The best Americana triplebill of the year so far is happening this March 8 at Hank’s. Kasey Anderson, whose gritty populist narratives bring to mind a young Steve Earle, opens the night at 8. Eric Ambel, proprietor of the dearly missed Lakeside Lounge and an even more spectacular, surreal guitarist and songwriter – who played lead in Earle’s band back in the day – follows at 9. Cliff Westfall – whose aphoristic songs and soulful C&W baritone will take you back to 1956 at warp speed – headlines at around 10. Cover is $10.
Westfall, whose album Baby You Win is streaming at his music page. is as strong and memorable a retro songwriter as Pokey LaFarge – no joke. It takes you back to an era of neon-lit jukeboxes, tailfins, beer cans that you could crush in one hand only if you were really strong…and ten-cent drafts. And Westfall matches the honkytonk ambience with innumerable clever musical and lyrical details that fill out the picture. The opening track, It Hurt Her to Hurt Me is sort of Chuck Berry’s Sweet Little Sixteen with even more clever wordplay, done by Hank Williams with a sizzling electric band behind him. The shuffling title track gives the group a chance to show off everything they’ve got: Scott Metzger’s tasty reverbtoned vintage tube amp sonics, a wry surf riff when least expected, a little Merle Haggard to kick off the song and colorful period vernacular. This guy’s “giving back the Crackerjack box I got from a so-called friend.”
Westfall croons bittersweetly over Charlie Giordano’s rippling honkytonk piano in the sad barroom ballad Til the Right One Comes Along. Then the group channel Orbison over a luscious web of twanging, jangling, echoing guitars in the Lynchian anthem More and More (as in “I think I love you more and more less and less”). With Metzger’s morosely tremoloing guitar solo, it’s a standout among many here.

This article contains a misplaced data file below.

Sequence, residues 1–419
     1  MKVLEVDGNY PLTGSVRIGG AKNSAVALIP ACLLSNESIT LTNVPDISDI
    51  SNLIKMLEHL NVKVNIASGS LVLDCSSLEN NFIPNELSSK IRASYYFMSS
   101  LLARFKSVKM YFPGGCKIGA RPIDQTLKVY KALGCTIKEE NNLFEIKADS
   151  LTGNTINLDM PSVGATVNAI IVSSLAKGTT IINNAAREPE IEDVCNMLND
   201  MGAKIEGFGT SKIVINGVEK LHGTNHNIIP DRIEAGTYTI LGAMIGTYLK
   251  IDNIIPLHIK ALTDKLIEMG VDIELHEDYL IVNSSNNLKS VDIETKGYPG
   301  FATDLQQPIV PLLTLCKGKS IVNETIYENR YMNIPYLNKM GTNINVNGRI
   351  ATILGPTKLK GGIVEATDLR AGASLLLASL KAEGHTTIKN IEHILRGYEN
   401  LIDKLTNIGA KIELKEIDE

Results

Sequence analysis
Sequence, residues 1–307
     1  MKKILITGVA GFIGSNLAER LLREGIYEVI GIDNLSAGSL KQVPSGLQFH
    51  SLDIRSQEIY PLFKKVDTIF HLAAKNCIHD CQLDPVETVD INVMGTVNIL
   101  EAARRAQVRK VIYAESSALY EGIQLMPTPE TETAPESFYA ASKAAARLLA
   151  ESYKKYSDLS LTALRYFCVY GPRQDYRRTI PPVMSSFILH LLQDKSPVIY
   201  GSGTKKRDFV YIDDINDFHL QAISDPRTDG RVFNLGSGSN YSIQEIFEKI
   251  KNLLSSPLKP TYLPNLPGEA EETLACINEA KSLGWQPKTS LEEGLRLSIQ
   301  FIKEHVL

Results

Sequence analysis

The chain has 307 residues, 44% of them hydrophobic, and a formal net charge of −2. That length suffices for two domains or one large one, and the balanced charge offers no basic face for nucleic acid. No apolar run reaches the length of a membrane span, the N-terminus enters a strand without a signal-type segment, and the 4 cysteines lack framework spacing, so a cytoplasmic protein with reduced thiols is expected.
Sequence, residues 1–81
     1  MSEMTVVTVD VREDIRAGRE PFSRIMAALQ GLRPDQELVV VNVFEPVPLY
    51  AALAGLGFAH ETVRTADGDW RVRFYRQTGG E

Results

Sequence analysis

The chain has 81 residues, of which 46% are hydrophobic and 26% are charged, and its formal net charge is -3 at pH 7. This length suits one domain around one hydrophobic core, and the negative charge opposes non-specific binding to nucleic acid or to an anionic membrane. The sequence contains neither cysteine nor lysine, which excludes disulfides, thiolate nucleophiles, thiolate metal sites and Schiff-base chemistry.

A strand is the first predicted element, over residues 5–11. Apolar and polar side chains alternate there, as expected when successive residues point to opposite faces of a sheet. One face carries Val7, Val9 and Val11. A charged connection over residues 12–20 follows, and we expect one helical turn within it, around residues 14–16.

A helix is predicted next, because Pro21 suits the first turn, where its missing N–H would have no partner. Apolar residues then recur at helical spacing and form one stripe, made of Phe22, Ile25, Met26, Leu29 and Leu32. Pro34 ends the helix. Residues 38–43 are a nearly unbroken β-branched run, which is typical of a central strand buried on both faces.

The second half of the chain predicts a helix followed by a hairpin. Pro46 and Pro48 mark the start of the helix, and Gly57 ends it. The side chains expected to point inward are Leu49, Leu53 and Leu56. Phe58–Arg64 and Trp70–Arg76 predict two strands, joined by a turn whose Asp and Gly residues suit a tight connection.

With its chugging layers of twelve-string guitars – that’s Metzger and Graham Norwood – Off the Wagon is the missing link between Johnny Burnette and the Byrds – the 1967 psychedelic Byrds, and the 1969 country Byrds as well. “We go together like booze and pills!” Westfall announces; those stampeding, twangy Bakersfield guitar multitracks on the way out are a straight shot of adrenaline.
The worn-out, defeated ballad Hanging On paints a vividly grim picture of a guy who’s just about had it with being strung along. By contrast, the boisterous I’ll Play the Fool comes across as a mashup of Subterranean Homesick Blues Dylan and Buck Owens.
The gorgeously clanging The Man I Used to Be paints a picture of a guy with “a little less size and a lot less wear…dusty 8X10s out in the hall, but I don’t recognize that guy at all.”
“I live in your world since I left my own,” Westfall admits in the sad waltz A Lie If You Must, over Dan Iead’s pedal steel. “A lie calculated to appease and disarm, tell me what’s self-deception compared to your charms?” Elvis Costello would be proud to have written this one.
The End of the Line, the album’s hardest-rocking track, wouldn’t be out of place on a Wayne Hancock album, right down to that searing Metzger guitar solo midway through. The retro 50s shuffle ballad Sweet Tooth gives Westfall a chance to have fun with food and drug metaphors. The album winds up with similarly sly swamp-rock of The Odds Were Good. You’re going to see this on the best albums of 2018 page at the end of the year.